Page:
It also made me realize how thoughtlessly I’ve approaching social media. I open them whenever I feel like procrastinating or need a break during work. Or I plan to do one specific thing on them, like post to a group… and an hour later I find myself scrolling through my feed and reading completely random posts. This is definitely a habit I don’t want in my professional or personal life any more.

What I got out of it

  • Social networks help me both to attract new clients and to be seen by existing ones. As a result, my marketing currently works better with them than without them.
  • But I definitely want to spend less time on the networks, both preparing content and consuming it. I’m trying to take a more conscious approach to social media. Getting clear on why I’m going there, how much time I have, and what my strategy is.
  • When I feel tired, I’m learning to get up from the computer and do something else. Maybe go for a walk or unload the dishwasher. I stretch and it doesn’t tempt me so much to mindlessly flip through the screen.
  • It makes sense to me to experiment more and find new ways to post on social media that are useful to readers, reach the widest audience, and don’t cost me as much time.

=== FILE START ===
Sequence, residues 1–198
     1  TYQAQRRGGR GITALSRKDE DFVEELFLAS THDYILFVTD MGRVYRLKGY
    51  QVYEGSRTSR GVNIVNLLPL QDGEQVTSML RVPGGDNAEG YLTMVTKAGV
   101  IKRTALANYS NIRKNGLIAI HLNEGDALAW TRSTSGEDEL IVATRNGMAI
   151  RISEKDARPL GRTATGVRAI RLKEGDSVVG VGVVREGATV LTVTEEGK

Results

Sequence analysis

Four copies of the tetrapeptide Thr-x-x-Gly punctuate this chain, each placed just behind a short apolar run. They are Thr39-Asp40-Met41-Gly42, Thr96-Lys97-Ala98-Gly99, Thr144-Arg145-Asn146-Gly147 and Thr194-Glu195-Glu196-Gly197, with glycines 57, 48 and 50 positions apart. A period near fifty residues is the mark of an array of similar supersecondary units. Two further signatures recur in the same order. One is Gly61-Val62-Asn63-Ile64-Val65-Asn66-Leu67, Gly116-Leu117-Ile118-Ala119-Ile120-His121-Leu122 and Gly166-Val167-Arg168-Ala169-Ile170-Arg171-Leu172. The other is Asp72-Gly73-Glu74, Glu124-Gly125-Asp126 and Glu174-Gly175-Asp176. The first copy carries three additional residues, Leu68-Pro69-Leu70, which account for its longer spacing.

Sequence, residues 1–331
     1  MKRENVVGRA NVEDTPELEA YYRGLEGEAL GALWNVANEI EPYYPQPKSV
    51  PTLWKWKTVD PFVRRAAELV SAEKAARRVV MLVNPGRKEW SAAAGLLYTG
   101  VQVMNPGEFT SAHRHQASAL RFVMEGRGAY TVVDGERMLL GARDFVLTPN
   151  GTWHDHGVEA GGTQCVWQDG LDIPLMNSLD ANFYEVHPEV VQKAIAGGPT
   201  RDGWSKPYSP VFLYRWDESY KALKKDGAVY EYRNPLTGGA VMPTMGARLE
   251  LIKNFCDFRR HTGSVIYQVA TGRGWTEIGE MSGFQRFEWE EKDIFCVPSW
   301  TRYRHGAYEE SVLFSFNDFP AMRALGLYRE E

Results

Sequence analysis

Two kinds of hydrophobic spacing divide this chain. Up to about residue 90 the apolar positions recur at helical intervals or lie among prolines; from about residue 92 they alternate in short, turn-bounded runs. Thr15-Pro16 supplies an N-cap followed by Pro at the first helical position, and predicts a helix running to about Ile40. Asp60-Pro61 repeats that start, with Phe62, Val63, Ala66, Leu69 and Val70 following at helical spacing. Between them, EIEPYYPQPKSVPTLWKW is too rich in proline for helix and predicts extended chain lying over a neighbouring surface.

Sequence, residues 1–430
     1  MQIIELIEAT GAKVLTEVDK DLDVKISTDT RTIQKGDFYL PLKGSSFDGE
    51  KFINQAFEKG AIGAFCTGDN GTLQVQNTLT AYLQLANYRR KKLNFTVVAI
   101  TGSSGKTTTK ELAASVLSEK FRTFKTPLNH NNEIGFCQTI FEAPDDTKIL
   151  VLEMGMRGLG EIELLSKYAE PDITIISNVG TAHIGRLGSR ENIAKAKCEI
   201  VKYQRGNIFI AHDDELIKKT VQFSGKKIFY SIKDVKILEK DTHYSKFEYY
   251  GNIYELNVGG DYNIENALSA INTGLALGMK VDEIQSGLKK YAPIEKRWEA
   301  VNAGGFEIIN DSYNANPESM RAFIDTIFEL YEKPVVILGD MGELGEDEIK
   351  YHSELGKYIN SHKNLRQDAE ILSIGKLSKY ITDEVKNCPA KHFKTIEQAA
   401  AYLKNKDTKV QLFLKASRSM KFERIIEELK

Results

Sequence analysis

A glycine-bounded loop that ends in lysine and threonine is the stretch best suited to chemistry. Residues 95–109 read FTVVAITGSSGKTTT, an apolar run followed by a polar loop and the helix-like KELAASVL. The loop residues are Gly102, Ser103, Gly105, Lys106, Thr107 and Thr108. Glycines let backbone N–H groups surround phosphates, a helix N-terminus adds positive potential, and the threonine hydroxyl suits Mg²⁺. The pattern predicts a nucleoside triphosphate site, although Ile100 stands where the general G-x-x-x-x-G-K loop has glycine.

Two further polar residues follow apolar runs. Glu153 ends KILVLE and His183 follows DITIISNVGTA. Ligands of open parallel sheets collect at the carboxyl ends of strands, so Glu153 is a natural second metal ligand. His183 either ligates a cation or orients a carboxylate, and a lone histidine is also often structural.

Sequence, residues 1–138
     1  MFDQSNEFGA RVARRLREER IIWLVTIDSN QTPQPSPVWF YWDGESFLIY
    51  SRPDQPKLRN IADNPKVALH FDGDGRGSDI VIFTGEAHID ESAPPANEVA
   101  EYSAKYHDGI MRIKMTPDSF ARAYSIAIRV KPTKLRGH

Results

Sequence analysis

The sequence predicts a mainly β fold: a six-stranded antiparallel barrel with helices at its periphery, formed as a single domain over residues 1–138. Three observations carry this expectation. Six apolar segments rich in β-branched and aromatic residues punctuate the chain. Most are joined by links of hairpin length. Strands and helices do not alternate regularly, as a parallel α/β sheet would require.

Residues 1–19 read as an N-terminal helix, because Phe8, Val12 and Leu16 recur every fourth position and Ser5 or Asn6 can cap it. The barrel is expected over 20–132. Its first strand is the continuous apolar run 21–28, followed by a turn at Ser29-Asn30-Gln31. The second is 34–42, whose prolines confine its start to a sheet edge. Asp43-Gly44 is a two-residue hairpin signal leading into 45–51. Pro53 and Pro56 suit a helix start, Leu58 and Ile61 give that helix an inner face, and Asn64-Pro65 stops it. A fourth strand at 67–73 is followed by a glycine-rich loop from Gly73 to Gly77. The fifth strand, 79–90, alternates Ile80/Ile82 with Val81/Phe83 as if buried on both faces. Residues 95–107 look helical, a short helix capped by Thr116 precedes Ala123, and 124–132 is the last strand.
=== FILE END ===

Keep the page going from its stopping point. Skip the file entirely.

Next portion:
Regarding each network, I decided to:

  • continue to post on Facebook in Czech with a similar frequency as before
  • start using LinkedIn more to reach an international audience. From January, I´ve been already publishin an English newsletter. Now I am slowly adding posts in English and eventually switch the entire LinkedIn to English.
  • devote less energy to Instagram. I don’t enjoy creating reels or making short videos, and my content is more text-based than visual. Thus, I’m not tapping into the potential this network has at all, and I don’t even have the capacity to do so. On the other hand, I enjoy watching especially Czech creators. So I’m more likely to keep it private and contribute only occasionally.

How am I doing now

Almost two months after I returned to social media, I’m still observing and evaluating. I have LinkedIn and Instagram back on my phone, but I haven’t installed Facebook or Messenger anymore – I just have them on my computer. I set a limit of 15 minutes a day on Instagram and I mostly manage to stick to it.